The city’s subways were largely built one hundred years ago. Today we are seeing a new line slowly being built under Second Avenue and another line from New Jersey under West 34th Street. Buildings will need to be demolished for those projects but it is hoped that it will improve the city’s antique public transportation system in another five to ten years. Politicians like to yell and carry on about how more people should use mass transit and yet trains and buses are seriously overcrowded as is. And because needed repairs have been ignored for decades we are now playing catch-up which means totally screwed up service on the weekends. The weekend issues just reinforce to most Brooklynites and other who live outside Manhattan, that at least one family car is a necessity. Otherwise one is at the mercy of the MTA’s dysfuction and shortcomings.

  • Bob Stone

    Not only the North Heights is being considered for the BQE rebuild impact. One of the existing proposals would practically destroy Van Voorhees Park in Cobble Hill and another would cut out the southwest corner of Willowtown, possibly including Palmetto Park (the kinder, gentler alternative to Pier 6). But, as Ms. McGroarty and Mr. Perris counsel, calm (with watchfulness) is probably the best for now. There are lots of Landmark issues, as well as political pressures to be applied as the situation becomes clearer. There will be more proposals put forward; more than enough to drive everyone near the BQE (yes, even Columbia Heights) to distraction. We understand that there’s a meeting of the Community Highway Advisory committee (exact title and acronym escapes me) at St. Francis on June 23, invitation only, but anyone curious about the process probably won’t be physically ejected.

  • Fee & Safe

    Mr. Stanton,

    We elect officials who know far more than you and me about these complex matters. If they deem it necessary to reroute our antiquated highway system, I believe they should make decision. Don’t you?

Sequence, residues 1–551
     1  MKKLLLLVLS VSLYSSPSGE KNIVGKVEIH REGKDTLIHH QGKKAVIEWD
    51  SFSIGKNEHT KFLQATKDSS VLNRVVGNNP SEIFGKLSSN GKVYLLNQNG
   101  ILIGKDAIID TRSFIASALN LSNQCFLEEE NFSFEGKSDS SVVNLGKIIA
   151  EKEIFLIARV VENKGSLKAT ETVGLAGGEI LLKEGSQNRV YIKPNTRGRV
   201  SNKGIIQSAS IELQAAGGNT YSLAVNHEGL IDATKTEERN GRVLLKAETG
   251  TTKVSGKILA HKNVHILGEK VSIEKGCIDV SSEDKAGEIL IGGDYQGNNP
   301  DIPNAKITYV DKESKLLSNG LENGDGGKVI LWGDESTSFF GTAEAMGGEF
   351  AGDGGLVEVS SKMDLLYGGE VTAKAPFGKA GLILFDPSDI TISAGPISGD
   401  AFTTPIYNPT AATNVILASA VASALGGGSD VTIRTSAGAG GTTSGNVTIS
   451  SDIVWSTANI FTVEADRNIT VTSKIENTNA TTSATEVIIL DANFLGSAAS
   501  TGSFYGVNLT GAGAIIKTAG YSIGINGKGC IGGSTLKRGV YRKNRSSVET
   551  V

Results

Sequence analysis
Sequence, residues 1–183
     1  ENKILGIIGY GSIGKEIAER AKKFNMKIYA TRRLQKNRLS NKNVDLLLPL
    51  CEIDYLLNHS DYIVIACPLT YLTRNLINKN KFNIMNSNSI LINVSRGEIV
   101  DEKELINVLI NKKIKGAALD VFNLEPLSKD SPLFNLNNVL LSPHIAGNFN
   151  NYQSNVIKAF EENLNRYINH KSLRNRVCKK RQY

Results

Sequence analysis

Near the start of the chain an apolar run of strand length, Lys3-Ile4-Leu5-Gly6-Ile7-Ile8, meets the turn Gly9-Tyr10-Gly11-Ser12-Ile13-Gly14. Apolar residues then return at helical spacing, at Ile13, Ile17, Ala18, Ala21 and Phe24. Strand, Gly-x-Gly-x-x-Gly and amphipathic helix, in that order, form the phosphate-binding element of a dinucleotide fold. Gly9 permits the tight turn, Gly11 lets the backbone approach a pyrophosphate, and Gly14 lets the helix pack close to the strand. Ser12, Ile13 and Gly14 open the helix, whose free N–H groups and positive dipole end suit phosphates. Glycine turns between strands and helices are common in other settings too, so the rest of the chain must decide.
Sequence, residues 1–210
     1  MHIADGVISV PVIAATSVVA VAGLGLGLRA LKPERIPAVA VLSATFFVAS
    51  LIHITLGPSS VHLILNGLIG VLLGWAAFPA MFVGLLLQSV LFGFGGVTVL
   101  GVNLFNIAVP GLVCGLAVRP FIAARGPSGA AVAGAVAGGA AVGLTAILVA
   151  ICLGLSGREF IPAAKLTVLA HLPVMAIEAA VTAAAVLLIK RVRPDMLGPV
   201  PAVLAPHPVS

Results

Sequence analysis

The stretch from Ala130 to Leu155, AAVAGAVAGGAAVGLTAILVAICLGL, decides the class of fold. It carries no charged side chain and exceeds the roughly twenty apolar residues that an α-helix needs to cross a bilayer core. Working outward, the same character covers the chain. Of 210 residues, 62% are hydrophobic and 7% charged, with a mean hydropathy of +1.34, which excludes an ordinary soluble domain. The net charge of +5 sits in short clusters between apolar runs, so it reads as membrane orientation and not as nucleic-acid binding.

• epc

    I think PR bots from the construction industry should lay off the astroturfing. Stick to buying the politicians for now.

  • WillowSt.

    Free & Safe, are you for real?

    Are you one of those people that thought we should have gone to war with Iraq because “the leaders” said we should?

    Are you just waking up from the year 1952, or do you subcribe to totalitarianism?

    I agree with Arch Stanton’s seemingly astute idea: why not extend the road, if it MUST be, on the lanes outside the highway??

  • my2cents

    Wow. This is pretty serious stuff, if it happens. I have to think they could do it without needing to tear down additional buildings.

  • ashton

    in a city where it takes years and years to repair ordinary highways , for example the Harlem River Drive or the Long Island Expressway, think of what it might take to repair an engineering tour de force from sixty years ago -namely the triple cantilever. The road design engineers look at it like an ancient relic reminiscent of the hanging gardens of babylon. They have NO idea how even to begin. So, I would imagine most of them are hoping to be retired by the time something needs to be designed or that some serious accident takes out a section and the reconstruction will have to be done on an emergency expidited basis thereby short-circuiting environmental and traffic safety reviews.

  • Teddy

    I don’t even want to imagine the disruption to the Heights that the tunnel option would create. We all know the BQE needs to be improved to reduce the unusually high number of accidents that occur on that section (including the dangerous on/off-ramp by Congress St.), but it would be nice if homes & lives didn’t need to be ripped up in order to accomplish that. Then again sometimes there are no other options and a small number of people have to suffer for the greater good of the community and region. This happens all the time in other parts of the country & world.

  • http://Robert HeightsGuy

    Eminent domain is a curse. It is wrong for the government to condemn private property, period. Let’s stand up for the rights of individuals.

  • WillowtownCop

    If they think they’re building a highway over Palmetto Park, they’re wrong. I have handcuffs. We’ll chain ourselves to the fences.

  • Homer Fink

    In the words of Rev. Hillis at the first BHA meeting:

    “We have also been too dignified and too respectable. Let us now get up and do some shouting.”

    If you want to help cover these meetings for BHB, help keep up on the issue etc — email me webmaster AT brooklynheightsblog.com

    If you have professional reporting experience and would like to be our lead correspondent, let me know.


  • nabeguy